History of the Appaloosa Horse

Horses were indigenous to the North American continent, living and evolving here until their sudden extinction 12,000 years ago. Horses were then re-introduced by European settlers, mainly the Spanish. From 1600 onward many dozens of native American tribes caught, tamed and rode horses, with many developing an elaborate horse culture. The Nez Perce tribe was unique among these in that they also bred their herd selectively, castrating inferior stallions and breeding for endurance, gait and color. The Nez Perce horses became well known after their glowing description in the logs of Lewis and Clark in 1806. The name Appaloosa derives from the valley of the Palouse river, where many thousands of the horses were observed by the early explorers and fur trappers. Their uncanny trail worthiness was put on magnificent display during the Nez Perce War of 1877, when around 2000 Appaloosa horses and about 700 Nez Perce outran and out-maneuvered the heavier, slower cavalry horses of General Howard and the US army over a winding trail more than 1,500 miles in length. The majority of the natives and their horses escaped into Canada along with Chief White Bird. However, the surrender of chief Joseph and his small encampment of women and children was of such stunning eloquence and fierce pride that history (and the politics of the time) chose to remember this as a US Army victory, when in fact it was a humiliating embarrassment.

The key characteristics of foundation Appaloosas reflect gait, color and endurance. The appaloosa gait is a four-beat amble or slow trot with a long forward reach and strong flexing of the pasterns to give a smooth, rocking horse gait. The endurance aspect is that this gait can be sustained for hours over many types of terrain, allowing the horse to cover up to twice the mileage per day as standard breeds. In keeping with this endurance ability is a relatively small, wiry, athletic build with the height at the withers of about 13.5 to 14.5 hands and never more than 15. The color pattern includes the full leopard and blanket patterns with prominent spots, and striped hooves, white sclera and freckling around the genitals and muzzle.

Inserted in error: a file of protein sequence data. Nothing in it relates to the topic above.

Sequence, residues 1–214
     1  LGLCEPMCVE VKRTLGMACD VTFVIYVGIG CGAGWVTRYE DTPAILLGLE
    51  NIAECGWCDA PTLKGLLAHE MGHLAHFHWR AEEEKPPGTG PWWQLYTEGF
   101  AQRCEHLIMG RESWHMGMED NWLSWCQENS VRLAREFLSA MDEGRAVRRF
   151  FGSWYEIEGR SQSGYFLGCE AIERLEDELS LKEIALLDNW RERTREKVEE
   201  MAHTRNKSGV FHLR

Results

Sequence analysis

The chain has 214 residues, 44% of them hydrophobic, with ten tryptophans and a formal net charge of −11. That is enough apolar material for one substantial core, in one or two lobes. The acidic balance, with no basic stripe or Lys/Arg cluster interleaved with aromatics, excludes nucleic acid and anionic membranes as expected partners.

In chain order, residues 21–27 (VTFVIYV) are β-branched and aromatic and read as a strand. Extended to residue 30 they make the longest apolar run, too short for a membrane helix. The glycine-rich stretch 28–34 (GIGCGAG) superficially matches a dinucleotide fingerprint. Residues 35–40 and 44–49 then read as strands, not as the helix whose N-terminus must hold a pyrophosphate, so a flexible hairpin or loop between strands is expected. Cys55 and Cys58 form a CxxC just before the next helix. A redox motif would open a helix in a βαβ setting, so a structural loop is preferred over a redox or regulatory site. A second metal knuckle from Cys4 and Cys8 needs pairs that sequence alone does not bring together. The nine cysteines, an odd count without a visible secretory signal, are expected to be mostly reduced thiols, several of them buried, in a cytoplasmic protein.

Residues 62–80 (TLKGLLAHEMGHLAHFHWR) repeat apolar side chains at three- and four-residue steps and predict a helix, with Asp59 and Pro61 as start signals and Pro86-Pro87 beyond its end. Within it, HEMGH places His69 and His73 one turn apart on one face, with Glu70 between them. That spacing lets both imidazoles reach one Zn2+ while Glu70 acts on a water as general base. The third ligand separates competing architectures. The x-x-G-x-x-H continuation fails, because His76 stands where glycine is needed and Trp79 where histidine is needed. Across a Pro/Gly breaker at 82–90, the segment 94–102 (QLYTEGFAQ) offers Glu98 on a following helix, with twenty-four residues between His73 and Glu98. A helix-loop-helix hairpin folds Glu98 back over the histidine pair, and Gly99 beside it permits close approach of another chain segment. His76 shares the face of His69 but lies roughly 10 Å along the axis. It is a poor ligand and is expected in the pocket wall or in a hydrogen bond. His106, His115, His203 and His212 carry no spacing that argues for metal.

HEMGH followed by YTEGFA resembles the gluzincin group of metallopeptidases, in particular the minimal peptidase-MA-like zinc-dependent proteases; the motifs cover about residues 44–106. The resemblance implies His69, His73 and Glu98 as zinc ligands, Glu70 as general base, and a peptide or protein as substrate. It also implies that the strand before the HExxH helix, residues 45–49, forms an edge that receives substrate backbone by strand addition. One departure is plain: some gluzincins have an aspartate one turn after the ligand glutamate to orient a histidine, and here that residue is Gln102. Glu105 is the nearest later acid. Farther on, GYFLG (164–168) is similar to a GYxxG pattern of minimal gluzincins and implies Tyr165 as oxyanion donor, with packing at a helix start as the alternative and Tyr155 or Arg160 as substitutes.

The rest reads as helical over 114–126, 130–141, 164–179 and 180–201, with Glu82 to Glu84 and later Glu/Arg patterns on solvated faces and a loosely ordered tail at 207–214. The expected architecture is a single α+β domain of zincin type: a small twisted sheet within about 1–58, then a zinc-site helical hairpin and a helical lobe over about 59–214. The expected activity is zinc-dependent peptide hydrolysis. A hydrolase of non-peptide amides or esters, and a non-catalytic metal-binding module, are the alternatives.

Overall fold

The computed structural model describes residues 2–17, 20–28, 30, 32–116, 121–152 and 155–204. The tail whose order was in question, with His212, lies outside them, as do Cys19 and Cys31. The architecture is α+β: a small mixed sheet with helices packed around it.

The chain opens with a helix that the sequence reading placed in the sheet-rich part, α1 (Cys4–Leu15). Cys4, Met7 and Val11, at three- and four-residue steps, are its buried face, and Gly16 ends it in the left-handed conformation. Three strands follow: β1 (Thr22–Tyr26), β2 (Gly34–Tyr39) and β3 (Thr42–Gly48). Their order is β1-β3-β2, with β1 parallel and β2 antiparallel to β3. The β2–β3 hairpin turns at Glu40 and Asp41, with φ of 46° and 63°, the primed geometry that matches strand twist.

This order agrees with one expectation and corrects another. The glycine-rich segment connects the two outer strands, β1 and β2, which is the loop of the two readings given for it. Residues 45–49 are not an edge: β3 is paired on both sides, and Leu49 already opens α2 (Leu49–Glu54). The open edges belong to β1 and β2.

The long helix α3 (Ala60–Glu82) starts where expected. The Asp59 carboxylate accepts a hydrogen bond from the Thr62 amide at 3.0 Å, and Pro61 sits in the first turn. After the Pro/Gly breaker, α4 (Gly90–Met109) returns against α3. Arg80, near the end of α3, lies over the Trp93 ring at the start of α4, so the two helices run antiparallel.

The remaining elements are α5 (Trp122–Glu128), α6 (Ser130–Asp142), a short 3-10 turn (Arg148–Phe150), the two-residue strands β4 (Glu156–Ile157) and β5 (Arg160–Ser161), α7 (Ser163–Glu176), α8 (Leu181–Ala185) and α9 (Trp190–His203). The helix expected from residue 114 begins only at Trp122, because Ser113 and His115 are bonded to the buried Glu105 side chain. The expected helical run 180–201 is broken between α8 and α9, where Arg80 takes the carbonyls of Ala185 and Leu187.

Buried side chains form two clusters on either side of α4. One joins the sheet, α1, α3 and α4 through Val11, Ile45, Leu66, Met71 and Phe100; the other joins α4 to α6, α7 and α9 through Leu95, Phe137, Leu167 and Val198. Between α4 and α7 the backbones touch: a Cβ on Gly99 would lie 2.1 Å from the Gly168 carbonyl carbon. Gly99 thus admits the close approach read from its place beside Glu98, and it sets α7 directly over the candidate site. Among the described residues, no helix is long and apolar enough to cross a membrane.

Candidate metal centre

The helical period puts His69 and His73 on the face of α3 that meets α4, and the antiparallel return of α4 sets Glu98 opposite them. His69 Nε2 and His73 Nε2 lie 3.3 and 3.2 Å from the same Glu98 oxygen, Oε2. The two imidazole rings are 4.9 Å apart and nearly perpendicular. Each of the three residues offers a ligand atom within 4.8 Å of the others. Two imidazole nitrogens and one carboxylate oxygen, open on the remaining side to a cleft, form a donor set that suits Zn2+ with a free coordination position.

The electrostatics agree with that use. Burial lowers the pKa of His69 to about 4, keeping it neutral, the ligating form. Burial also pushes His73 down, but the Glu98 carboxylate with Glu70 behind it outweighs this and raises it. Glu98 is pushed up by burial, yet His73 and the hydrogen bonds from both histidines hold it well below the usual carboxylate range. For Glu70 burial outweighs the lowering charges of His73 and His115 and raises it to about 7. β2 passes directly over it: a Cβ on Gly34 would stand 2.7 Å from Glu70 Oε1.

The Appaloosa horse is thus a breed distinct from all of the many others that now inhabit the Americas. After nearly being exterminated along with the native tribe that developed it, the Appaloosa heritage survived in bits and pockets in Canada and on ranches scattered around Oregon, Idaho and Montana. The inception of the Appaloosa Horse Club in 1938 reflected a widespread interest in the breed, but it was heavily influenced by non-native objectives for the breed, including racing and rodeo, showing at halter and stock horse use more suited to quarter horse breeding. The next 40 to 50 years saw a general expansion of the herd and popularity of the Appaloosa, but also the introduction of many non-breed characters such as heavy mane and tail, strong chest and heavy muscling, inappropriate small hooves with respect to body size, and loss of strong coloring, replacing it with simple snowflake speckling or roaning.

It is the objective of the C.A. Maxey Appaloosa Heritage Foundation first and foremost to provide teaching and outreach opportunities at all levels, but especially to youthful audiences. We want to explain both the breeding and the importance of this special horse in the history of the Nez Perce tribe. It is also the objective of the Foundation to selectively breed and preserve the true foundation Appaloosa, recovering and promoting those traits that the natives valued themselves. The first 100 years following the surrender of Chief Joseph and the confinement of the Nez Perce to reservations has not made this an easy task. First, under the mismanagement of the Army and Bureau of Indian Affairs, the native horse gene pool was polluted by the introduction of heavy draft horse characteristics. Then under the sporting attitude of the Appaloosa Horse Club, quarter horse, Arabian and other non-native blood was also intermixed with the foundation Appaloosa. Our objective, already realized since the early 1960s and with every intention of spanning over many dozens of generations, is to carefully, selectively breed back to the same uniquely American horse first seen by western eyes more than 200 years ago.